Sugar is all around us in foods. It’s hidden in multiple types in processed food to help it taste better and to prolong shelf life. But too much is hard on the system and can lead to health problems. Some experts say the real culprit is how much is hidden in processed foods and sugary soft drinks, not necessarily what you use in your recipes at home. The bottom line? Eat and serve whole, unprocessed food as much as possible, and of course, be aware of and limit your sugar consumption.
What kind of sugar should you use in your recipes? The selection on grocery store shelves is dizzying, and it’s growing all the time. Here is information about a few sweeteners, followed by a recipe for glazed carrots that can be made with honey, brown rice syrup, or agave nectar.
Granulated white sugar: Made from sugar cane or sugar beets with nutrient component (molasses) removed.
Brown sugar: Granulated cane or beet sugar with the molasses added back in.
Turbinado (raw) sugar: Partially processed cane or beet sugar; contains small amounts of minerals. Use it like granulated sugar in recipes, but it doesn’t dissolve as easily.
Powdered (confectioner’s) sugar: Granulated cane or beet sugar that’s been crushed into powder.
Palm or coconut sugar: Made from the sap of date, coconut, or other palm. Has a light brown sugar-like taste. Has a low impact on blood sugar, causing less stress on metabolism. Use it like granulated sugar in recipes.
Honey: Contains trace amounts of vitamins and possibly antioxidants.
Maple syrup: Made from sap of maple tree. Tap a maple tree and cook it down—it’s delicious! Higher in minerals than honey.
Molasses: Byproduct of cane or beet sugar processing. Available in light, full-flavor, and blackstrap (darkest). Contains some nutrition including iron and calcium.
Corn syrup: The Karo type is low in nutrition but surprisingly does not contain high fructose corn syrup, which is heavily used in processed foods and is linked to obesity. Dark corn syrup contains molasses and caramel flavoring.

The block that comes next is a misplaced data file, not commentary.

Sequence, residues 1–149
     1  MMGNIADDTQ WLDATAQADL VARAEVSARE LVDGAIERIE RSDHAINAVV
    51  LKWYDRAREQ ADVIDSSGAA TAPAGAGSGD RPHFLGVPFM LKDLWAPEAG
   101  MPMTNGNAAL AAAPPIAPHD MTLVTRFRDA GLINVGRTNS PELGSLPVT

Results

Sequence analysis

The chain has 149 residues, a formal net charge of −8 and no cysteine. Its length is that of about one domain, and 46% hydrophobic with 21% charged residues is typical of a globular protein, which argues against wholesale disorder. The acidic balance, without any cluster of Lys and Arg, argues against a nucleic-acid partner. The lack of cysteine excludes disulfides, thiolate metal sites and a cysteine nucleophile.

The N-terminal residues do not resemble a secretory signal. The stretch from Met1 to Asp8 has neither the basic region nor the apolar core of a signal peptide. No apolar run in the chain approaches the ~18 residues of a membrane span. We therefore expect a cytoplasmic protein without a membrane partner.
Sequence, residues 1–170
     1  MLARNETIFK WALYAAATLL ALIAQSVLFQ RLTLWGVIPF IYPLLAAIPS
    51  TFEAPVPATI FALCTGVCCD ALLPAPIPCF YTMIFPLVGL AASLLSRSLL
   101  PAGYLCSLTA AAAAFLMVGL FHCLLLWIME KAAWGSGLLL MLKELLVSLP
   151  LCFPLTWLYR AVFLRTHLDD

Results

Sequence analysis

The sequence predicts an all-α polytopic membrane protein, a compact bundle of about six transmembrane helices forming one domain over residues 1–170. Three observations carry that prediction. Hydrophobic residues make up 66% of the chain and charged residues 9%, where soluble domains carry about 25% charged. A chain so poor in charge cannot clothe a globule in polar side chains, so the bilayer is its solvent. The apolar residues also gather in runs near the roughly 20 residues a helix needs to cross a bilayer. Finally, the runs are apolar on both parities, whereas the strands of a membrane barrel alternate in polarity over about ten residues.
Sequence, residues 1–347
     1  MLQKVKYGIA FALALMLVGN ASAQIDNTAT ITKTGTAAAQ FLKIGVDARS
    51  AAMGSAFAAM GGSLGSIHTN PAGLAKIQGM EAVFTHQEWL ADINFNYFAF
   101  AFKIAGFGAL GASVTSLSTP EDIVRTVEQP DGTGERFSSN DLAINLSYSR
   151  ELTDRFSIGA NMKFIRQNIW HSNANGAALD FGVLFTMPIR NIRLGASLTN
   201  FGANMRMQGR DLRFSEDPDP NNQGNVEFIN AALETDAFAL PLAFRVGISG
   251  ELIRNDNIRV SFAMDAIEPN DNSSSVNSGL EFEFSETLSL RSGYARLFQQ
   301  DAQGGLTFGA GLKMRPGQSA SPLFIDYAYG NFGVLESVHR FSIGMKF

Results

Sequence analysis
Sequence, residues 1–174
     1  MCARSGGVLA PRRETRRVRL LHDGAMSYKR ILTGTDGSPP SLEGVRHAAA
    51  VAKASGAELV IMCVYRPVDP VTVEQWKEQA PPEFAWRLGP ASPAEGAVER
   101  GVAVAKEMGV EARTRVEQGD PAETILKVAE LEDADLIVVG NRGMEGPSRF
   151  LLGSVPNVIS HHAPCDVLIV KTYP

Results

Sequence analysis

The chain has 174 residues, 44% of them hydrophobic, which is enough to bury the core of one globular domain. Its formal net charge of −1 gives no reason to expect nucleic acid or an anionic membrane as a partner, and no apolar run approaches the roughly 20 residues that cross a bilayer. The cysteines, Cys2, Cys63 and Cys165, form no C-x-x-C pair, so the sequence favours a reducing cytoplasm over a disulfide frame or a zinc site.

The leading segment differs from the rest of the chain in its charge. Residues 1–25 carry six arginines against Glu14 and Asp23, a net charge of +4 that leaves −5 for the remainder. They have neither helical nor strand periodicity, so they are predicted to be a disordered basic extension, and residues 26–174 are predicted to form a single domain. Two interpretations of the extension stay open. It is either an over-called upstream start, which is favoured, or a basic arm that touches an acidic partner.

Brown rice syrup: Earthy, honey-like flavor. May not be gluten-free; check label. One-to-one substitution for honey or maple syrup.
Sorghum syrup: Made from sorghum cane. Contains antioxidant vitamins and trace minerals. Flavor is slightly pungent. Use like honey, molasses, or maple syrup.
Agave nectar/syrup: Made from the sap of a spiky cactus-like plant. Slightly floral molasses flavor. Thinner consistency than honey. One-to-one substitution for honey or maple syrup.
Xylitol: Made from plants. Not absorbed by the body, so it’s low in calories. May be safe for people with diabetes. One-to-one substitution for granulated sugar, but results may vary from the original recipe.
Stevia: A South American herb used as a no-calorie sweetener. Much more concentrated than sugar, so consider using recipes specifically for this ingredient.
- 4 cups carrots (about 1 pound) peeled and sliced into 1/4-inch diagonal pieces
- 2 tablespoons butter, butter substitute, or coconut oil
- 2 tablespoons honey, agave nectar, maple syrup, or brown rice syrup
- 2 teaspoons soy sauce (gluten-free if necessary)
- Place sliced carrots in a medium saucepan and add water to about 1 inch. Cover and steam over medium heat for 5 to 10 minutes or just until tender.
- Turn off heat. Drain off water and add butter or coconut oil, sweetener, and soy sauce. Toss to combine and serve.
(Recipe adapted from “Vegan Glazed Carrots” at VeganCoach.com. Sources for information about sugar: Whole Foods Guide to Sweeteners, which includes a Swapping Sweeteners table; “Everything You Ever Wanted to Know About Sugar,” at smallfootprintfamily.com; and “Healthy Sugar Alternatives: Understanding Healthy & Not So Healthy Sugars With Their Glycemic Index,” at OrganicLifestyleMagazine.com.)